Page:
When NOT to Plan
By Demian Entrekin
The assumptions around planning for technical projects keeps changing, especially when it comes to software projects. More and more the approach seems to be that we should just go build something, put it in the customers hands, and learn from what happens.
I’m a big fan of taking action. I think it’s crucial to get out there and do something and then adjust and learn and adjust and learn.
But in some cases, we still need to stop and think and ask ourselves what are we really trying to do here? There are times when the notion of “just get out there and do something” becomes an excuse for not thinking.
We still need to spend some upfront time on things like “who are our customers?” and “what problem are we trying to solve?”
And so now the question becomes “what is the right amount of planning and what is the right amount of action?”
I’m not sure that there is a formula for this. I will have to think about it some more, but I can say one thing for sure: too much planning without action is very likely to be a sign of some form of confusion or fear, and too much action without planning is likely to be a sign of short term narrow minded thinking.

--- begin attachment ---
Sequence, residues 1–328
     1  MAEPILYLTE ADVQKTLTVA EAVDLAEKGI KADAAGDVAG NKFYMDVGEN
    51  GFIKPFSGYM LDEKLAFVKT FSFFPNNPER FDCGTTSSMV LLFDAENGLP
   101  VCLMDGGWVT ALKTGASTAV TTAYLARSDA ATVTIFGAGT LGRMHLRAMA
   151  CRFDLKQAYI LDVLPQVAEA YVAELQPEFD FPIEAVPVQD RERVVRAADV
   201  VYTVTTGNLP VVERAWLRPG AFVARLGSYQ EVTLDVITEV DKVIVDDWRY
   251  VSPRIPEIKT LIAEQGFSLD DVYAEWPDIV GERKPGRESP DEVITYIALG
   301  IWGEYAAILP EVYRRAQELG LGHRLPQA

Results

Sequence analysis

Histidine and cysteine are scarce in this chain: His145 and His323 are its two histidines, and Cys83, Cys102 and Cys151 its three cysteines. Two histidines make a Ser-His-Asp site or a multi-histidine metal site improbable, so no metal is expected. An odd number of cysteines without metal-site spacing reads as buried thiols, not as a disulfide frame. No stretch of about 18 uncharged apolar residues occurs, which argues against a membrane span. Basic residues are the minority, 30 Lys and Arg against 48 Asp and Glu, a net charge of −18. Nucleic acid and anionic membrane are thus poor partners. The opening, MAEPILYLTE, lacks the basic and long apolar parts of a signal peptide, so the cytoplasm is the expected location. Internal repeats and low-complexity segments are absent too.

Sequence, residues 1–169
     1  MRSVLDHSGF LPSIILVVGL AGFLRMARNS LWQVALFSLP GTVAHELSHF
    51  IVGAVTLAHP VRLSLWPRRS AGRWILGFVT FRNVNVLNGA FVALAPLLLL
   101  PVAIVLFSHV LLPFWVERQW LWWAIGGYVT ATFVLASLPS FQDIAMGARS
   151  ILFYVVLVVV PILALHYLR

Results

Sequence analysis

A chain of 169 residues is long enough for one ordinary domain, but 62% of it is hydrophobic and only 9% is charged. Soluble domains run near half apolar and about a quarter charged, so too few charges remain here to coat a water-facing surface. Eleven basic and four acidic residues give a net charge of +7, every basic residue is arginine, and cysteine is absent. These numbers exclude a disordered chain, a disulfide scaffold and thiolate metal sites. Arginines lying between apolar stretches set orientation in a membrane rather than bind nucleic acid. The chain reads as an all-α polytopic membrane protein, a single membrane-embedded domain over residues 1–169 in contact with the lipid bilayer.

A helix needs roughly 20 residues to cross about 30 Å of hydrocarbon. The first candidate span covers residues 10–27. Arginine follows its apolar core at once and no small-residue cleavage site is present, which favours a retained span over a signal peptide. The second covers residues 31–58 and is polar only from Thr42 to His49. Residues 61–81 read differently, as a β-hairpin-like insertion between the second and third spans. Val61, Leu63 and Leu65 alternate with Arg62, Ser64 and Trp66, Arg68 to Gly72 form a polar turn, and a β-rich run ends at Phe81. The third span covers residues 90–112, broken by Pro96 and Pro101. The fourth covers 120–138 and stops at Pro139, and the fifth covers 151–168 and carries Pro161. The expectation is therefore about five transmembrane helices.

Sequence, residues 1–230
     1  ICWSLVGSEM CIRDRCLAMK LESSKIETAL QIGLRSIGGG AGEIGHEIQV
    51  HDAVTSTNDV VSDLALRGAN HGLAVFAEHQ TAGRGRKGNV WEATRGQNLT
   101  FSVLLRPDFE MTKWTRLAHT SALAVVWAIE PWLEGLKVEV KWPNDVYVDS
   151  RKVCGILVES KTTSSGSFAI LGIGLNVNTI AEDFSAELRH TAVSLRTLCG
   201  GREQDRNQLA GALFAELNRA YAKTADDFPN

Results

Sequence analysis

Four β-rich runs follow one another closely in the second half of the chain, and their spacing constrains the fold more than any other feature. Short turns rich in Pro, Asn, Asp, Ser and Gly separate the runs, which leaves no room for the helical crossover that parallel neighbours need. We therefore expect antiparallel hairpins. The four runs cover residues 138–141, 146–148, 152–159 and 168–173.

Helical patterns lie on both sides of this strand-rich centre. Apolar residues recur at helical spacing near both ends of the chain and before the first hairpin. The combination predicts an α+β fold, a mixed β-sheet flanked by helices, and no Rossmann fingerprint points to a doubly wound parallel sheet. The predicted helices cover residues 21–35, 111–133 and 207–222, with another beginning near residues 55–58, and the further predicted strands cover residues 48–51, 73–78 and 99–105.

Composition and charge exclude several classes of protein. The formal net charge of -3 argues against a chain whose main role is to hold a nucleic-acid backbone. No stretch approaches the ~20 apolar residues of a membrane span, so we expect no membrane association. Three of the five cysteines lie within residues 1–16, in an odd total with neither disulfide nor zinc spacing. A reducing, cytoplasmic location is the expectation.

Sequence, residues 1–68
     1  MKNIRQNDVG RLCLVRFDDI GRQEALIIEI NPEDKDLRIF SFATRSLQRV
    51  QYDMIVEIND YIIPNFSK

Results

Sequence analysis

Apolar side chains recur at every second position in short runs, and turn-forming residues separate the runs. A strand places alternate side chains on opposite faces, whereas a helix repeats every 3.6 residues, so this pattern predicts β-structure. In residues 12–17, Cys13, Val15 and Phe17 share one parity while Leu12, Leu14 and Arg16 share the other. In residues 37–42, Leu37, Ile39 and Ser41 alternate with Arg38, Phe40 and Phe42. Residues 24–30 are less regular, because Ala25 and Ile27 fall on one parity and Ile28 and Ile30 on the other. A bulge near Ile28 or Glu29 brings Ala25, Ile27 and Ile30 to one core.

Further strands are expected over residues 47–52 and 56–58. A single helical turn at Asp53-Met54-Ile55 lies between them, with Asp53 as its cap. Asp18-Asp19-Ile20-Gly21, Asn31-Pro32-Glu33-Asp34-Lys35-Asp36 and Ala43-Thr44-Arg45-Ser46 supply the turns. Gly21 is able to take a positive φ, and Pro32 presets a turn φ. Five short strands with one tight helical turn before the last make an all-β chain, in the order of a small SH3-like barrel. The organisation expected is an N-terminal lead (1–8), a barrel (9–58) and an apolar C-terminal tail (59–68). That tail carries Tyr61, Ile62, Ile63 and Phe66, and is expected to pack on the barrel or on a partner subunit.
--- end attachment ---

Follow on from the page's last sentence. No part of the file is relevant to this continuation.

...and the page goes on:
There is another option here as well. You can choose right up front to “learn by doing.” This means that you are going in with open eyes and you are going to try things, and you know that the things you try are likely to fail. The key here is to be honest with yourself and everyone else and to recognize failure early.
“Fail fast” has become a popular mantra these days, but there’s usually a bit more to it than that. Sometimes, 8 hours of planning will save you 8 months of pain.
Demian is the CTO of Innotas. As founder and CEO, Entrekin oversaw marketing, product development, sales and services for the company. Today, he focuses on strategic product direction. Prior to Innotas, Entrekin co-founded Convoy Corporation and was Chief Architect of its initial products. In that role, Entrekin helped the company lead the middleware market with an annual growth rate of 670 percent and played an instrumental role in Convoy’s subsequent acquisition by New Era Networks in 1999. A recognized thought leader in Project Portfolio Management, Entrekin has published numerous papers on PPM and his blog (PPM Today) explores current issues related to successful PPM implementation. During his 18 year career, Demian has assumed leadership roles as a consultant and as an entrepreneur, delivering commercial and corporate database applications. Demian holds a B.A. in English from UCLA and an M.A. in English from San Francisco State University.